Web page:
The Spacing of Pedestrian and Security Bollards is Important
When most people think about pedestrian and security bollards, they probably don’t pay too much attention to the space between them. In fact, the spaces allowed between each bollard are one of the primary considerations. The exact standards may vary depending upon the application, but the spacing is always an underlying factor, and it’s often a legal requirement. Let’s take a closer look at bollard spacing.
The Spacing Must Promote Safety
One of the main reasons why a series of bollards may be needed in an area is to promote public safety. This could be to delineate a perimeter for pedestrian paths and roads or to act as part of a traffic calming system. Whatever the application the bollard needs to add to the safety of the public and never detract from it. In the past, there were occasions where the well intentioned placement of bollards was disastrous due to poor planning and incorrect spacing. As an example: In the US a series of bollards was set up to delineate between a path and a cycle lane, a loose staggered configuration was used. The cyclists were forced to weave between the bollards to avoid pedestrians, and this caused collisions and injuries, some of them were even fatal.
Emergency Responder Access Considerations
In the even to an accident or a crime the emergency responders need to be able to reach any casualties quickly. If a series of bollards is in the area, there needs to be adequate space for a first responder carry emergency equipment to get through. In many areas, this is why the bollard spacing is set at around 2.4m. This is a spacing that would be very suitable for any type of public park, pedestrianised shopping precinct or any low crime area in general. This may seem like a large gap, but it’s important to think about access for stretchers, jaws of life and other emergency equipment that could be needed to save a life.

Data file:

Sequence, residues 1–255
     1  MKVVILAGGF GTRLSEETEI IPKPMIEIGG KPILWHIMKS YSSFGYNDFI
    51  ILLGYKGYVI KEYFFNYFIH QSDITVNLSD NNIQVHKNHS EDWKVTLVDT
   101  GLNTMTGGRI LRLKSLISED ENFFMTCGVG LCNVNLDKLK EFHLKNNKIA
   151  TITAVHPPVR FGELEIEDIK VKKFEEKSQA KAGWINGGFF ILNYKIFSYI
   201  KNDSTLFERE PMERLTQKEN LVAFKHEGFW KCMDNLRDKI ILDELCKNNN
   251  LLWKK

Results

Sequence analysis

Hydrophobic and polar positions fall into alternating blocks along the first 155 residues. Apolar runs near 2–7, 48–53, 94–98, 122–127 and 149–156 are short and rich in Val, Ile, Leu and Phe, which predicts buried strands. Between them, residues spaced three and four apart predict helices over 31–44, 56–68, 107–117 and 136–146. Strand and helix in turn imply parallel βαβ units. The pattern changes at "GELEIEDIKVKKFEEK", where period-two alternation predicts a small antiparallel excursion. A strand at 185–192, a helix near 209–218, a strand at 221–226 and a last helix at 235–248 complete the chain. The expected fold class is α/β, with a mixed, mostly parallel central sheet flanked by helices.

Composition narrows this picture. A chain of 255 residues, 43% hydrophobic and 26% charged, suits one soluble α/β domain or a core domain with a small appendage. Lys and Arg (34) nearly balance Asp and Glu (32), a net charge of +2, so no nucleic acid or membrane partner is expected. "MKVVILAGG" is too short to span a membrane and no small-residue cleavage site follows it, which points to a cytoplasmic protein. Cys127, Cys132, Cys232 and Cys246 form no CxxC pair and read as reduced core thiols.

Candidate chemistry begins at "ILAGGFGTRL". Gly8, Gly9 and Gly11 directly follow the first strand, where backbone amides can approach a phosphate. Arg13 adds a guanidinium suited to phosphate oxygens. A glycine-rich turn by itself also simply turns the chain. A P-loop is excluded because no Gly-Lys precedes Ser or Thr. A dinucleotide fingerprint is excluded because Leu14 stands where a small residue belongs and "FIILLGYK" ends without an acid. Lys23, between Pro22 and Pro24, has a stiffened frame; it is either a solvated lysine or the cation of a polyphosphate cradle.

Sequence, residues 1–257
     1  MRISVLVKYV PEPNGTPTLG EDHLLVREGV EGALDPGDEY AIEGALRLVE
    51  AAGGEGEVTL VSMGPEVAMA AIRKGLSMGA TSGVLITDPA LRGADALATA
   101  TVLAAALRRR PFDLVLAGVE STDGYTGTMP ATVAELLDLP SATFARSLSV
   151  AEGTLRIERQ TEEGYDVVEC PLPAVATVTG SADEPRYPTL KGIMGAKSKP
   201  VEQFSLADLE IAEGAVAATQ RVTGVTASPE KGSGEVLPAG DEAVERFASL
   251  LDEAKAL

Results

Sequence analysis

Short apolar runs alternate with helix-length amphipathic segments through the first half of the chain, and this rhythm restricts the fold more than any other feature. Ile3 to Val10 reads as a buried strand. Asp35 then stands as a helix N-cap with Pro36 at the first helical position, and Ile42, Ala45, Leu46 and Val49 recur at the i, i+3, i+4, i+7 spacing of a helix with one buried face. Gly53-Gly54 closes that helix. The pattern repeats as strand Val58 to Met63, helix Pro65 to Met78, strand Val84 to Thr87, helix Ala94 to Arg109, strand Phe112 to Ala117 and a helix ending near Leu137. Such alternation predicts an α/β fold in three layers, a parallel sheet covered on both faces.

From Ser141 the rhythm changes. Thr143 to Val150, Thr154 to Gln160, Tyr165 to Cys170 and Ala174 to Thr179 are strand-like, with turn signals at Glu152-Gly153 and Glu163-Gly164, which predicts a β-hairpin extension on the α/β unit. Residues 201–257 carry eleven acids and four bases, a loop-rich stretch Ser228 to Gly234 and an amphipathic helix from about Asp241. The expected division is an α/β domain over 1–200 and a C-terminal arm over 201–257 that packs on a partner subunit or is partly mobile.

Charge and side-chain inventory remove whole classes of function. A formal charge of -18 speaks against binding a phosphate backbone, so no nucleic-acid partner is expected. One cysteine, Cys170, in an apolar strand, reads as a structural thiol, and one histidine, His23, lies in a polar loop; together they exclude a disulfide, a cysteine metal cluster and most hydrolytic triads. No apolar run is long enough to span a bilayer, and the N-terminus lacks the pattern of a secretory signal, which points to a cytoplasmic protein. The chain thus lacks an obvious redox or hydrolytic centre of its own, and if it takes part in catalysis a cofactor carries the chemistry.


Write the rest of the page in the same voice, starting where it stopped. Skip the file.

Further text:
Tighter Spacing is More Secure
If the security bollards are located in a sensitive location that could be targeted by criminals or terrorists, then the spacing should be tighter. Some counter terrorism experts recommend a spacing of 2.1m, but around high profile targets, this could be even narrower, maybe even 1m in extreme cases. This is required to provide a better level of protection against vehicular threats, such as car bombs, cars running over pedestrians and ram raids. The tighter spacing will allow for more bollards to be deployed, and they can absorb more kinetic force from vehicle impacts.
Inappropriate Bollard Spacing Concerns
It’s important to understand that in the event of an accident any inappropriate bollard spacing will be scrutinized. Public and private property owners could be open to prosecution, and this should be carefully considered before the bollard installation goes ahead. If you’re in any doubt about how to proceed it’s a good idea to concern an expert company such as Image Bollards early in the process.